Thursday, September 27, 2007


After reports of the purging of religious books from prison libraries surfaced, the US Department of Prisons is putting the books back:
Facing pressure from religious groups, civil libertarians and members of Congress, the federal Bureau of Prisons has decided to return religious materials that had been purged from prison chapel libraries because they were not on the bureau’s lists of approved resources.

The bureau had said it was prompted to remove the materials after a 2004 Department of Justice report mentioned that religious books that incite violence could infiltrate chapel libraries.

After the details of the removal became widely known this month, Republican lawmakers, liberal Christians and evangelical talk shows all criticized the government for creating a list of acceptable religious books.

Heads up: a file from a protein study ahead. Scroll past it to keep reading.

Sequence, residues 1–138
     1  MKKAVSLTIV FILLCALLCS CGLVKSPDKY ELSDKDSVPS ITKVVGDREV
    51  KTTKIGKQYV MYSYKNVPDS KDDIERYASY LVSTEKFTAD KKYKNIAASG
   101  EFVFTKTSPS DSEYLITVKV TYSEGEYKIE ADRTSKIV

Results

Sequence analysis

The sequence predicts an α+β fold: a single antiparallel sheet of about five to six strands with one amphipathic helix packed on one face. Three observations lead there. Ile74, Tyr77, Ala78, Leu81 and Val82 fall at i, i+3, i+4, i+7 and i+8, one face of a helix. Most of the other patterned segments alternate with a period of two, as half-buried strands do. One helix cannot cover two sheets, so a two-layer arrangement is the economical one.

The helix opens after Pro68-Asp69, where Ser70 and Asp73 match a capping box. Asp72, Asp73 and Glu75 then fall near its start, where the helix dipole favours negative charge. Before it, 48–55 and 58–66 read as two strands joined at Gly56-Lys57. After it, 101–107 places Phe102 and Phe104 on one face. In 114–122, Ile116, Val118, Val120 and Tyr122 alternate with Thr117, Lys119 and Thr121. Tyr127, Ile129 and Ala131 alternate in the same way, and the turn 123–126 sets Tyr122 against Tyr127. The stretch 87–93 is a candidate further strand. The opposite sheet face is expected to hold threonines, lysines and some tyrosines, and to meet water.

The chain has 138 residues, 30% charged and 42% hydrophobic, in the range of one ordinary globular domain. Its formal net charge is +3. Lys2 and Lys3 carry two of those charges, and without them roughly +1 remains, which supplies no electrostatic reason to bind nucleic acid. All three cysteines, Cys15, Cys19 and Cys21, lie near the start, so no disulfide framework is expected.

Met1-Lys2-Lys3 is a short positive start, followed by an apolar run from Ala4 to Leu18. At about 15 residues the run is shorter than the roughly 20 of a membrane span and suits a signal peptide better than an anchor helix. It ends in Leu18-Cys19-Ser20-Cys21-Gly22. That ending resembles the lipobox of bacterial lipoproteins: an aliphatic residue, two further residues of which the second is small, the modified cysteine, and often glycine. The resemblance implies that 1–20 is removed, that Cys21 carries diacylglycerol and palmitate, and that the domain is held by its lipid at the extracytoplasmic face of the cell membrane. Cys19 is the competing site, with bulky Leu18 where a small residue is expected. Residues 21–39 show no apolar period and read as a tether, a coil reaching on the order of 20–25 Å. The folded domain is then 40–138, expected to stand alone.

The bureau has not abandoned the idea of creating such lists, Judi Simon Garrett, a spokeswoman, said in an e-mail message. But rather than packing away everything while those lists were compiled, the religious materials will remain on the shelves, Ms. Garrett explained.

In an e-mail message Wednesday, the bureau said: “In response to concerns expressed by members of several religious communities, the Bureau of Prisons has decided to alter its planned course of action with respect to the Chapel Library Project.

I'll point out that it was after the problem was posted on Theosebes that the reversal was made. Coincidence? You decide...


Dave said...


I'll use this as an example to teach my English students the logical fallacy "post hoc ergo propter hoc."

Since I remember your aptitude in Latin, you may want someone to translate that for you.

Alan said...

Hey--I've had Latin!